A lot of writers, when they write, just write. That’s all that’s truly important at the beginning, getting the words out onto paper. But the flow of your words and sentences is actually a tool that can be used to help set the tone of the scene. Sometimes your words can be used to twist the reader’s emotions.
I’m going to break this up into two sections: word choice and sentence length.
The words you choose can directly influence your setting and tone. Simplistic words used in a complex setting sells your work short, whereas “five dollar words” (such as sesquipedalian) are out of place in some works. Do you want to break the tension of your story because the reader has to go find a dictionary?
Likewise, the number and type of adjectives you use can have an impact. Flow-y, whimsical words may work in a romance or children’s story, but they would seem out of place in a thriller or a mystery. You can create a bleak landscape for your characters through your words alone.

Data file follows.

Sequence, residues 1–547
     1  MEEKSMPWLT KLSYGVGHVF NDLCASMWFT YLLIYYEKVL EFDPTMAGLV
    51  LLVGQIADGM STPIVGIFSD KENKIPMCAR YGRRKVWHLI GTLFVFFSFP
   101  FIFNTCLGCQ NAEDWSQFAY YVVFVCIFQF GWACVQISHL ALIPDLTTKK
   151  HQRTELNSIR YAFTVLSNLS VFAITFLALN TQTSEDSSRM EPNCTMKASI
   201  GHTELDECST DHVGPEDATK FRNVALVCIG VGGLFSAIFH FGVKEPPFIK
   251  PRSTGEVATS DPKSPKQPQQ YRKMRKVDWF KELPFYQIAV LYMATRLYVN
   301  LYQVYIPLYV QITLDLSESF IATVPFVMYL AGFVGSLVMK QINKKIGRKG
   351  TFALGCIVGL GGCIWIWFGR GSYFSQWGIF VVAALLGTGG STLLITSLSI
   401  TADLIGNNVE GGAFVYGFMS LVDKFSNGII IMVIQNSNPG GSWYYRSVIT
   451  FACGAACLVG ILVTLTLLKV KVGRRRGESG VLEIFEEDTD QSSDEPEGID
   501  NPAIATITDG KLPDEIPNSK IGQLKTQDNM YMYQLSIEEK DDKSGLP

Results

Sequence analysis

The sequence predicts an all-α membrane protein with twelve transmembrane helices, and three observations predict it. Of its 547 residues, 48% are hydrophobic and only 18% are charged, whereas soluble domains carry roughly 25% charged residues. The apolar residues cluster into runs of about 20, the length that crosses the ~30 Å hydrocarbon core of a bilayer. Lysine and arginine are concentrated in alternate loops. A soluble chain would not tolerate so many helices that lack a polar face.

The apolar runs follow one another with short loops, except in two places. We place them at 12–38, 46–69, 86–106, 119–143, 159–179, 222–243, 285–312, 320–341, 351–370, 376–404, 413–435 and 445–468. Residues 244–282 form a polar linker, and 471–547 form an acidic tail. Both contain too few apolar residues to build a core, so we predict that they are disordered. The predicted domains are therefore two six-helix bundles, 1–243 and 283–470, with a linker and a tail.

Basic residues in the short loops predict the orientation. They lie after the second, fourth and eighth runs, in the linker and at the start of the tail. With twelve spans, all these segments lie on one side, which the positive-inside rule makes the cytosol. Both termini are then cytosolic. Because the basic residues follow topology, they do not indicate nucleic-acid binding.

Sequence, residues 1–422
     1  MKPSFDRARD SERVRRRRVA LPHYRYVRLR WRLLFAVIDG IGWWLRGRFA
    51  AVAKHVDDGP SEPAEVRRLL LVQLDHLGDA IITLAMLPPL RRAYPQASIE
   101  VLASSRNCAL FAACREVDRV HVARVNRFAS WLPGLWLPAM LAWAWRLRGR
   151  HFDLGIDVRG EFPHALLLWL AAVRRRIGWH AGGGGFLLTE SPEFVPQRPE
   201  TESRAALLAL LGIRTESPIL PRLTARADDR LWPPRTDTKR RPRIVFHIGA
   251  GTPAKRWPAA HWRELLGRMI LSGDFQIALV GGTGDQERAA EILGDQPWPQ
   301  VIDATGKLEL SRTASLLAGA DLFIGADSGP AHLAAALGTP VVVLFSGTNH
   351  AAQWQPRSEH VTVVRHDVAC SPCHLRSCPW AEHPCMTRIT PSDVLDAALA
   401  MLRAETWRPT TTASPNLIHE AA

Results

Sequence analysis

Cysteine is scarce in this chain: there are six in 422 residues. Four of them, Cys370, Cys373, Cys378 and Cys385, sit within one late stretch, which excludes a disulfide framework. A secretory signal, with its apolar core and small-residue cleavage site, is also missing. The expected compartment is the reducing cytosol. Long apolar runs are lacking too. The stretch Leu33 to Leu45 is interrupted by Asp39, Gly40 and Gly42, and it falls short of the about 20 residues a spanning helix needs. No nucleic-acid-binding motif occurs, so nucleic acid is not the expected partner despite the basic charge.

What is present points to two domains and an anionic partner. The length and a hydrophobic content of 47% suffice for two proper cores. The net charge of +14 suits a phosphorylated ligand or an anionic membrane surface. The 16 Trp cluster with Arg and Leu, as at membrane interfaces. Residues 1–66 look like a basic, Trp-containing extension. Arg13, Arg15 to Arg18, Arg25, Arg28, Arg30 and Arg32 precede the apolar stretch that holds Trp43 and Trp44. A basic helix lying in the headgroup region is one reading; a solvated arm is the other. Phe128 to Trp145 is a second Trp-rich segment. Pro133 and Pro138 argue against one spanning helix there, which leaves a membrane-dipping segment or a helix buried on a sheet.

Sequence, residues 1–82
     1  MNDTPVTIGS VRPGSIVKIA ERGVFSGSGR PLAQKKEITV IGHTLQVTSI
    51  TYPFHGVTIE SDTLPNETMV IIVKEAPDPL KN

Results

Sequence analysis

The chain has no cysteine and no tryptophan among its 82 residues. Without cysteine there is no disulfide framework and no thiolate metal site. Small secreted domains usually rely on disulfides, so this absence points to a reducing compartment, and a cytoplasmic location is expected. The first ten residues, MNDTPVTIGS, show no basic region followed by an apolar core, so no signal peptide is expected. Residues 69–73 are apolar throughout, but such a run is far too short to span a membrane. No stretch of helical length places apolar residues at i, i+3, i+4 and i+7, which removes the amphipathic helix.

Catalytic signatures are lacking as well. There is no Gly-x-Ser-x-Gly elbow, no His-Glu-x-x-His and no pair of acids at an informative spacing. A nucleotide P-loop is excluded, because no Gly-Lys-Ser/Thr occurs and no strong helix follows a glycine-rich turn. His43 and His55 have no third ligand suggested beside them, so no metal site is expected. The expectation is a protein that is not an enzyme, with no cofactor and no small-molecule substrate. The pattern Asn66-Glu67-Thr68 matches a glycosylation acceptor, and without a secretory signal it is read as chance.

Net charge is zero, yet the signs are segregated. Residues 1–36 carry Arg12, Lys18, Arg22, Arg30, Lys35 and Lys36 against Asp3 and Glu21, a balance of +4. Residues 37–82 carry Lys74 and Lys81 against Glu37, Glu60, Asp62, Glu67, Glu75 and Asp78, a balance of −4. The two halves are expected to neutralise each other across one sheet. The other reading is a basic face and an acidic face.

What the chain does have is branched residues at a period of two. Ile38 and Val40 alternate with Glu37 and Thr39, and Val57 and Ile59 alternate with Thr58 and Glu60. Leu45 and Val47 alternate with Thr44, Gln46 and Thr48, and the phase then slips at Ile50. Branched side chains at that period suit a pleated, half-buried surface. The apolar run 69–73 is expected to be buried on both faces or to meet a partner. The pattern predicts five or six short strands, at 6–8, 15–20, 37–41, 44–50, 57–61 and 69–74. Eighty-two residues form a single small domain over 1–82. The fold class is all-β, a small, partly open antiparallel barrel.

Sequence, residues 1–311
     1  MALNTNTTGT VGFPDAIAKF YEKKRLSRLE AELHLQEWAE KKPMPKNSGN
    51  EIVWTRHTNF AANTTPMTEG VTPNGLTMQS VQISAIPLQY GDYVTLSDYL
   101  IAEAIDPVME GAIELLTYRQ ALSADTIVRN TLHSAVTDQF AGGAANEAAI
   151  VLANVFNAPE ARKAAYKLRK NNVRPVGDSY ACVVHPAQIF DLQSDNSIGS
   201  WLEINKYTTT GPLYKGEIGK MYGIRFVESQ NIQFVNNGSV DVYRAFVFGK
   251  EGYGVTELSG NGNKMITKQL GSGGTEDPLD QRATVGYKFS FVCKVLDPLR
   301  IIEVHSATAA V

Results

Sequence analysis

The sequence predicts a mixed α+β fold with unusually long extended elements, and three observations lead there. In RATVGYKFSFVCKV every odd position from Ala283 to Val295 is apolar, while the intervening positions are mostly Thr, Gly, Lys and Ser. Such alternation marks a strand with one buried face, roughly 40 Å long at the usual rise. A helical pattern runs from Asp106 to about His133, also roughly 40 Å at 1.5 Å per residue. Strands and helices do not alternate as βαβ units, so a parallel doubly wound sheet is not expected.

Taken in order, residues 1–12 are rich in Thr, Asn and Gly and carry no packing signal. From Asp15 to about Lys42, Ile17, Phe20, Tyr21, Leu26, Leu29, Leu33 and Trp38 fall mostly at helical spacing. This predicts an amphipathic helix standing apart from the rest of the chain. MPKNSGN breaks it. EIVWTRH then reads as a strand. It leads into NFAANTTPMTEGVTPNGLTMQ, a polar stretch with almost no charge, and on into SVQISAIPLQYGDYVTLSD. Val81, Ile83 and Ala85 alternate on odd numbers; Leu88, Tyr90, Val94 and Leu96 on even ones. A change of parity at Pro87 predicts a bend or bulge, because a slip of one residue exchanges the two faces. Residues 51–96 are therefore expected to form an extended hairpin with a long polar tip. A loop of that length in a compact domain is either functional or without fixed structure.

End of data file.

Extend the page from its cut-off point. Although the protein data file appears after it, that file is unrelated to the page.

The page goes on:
Sentence length can directly influence your reader. For example, short sentences up tension. This has been a tool of thriller and mystery writers for years. Short sentences cause readers to read faster, speeding up the pace of your narrative, making the reader feel like everything is happening at once and oh God isn’t it exciting.
On the other hand, long sentences let a reader slow down, bask in their surroundings, have a nice bit of respite.
Admittedly, you do have to have some variety in your sentence length, but these are skills you can utilize when necessary.
Writers, do you have any additional thoughts on these two? Any tricks you like to remember in your own writing?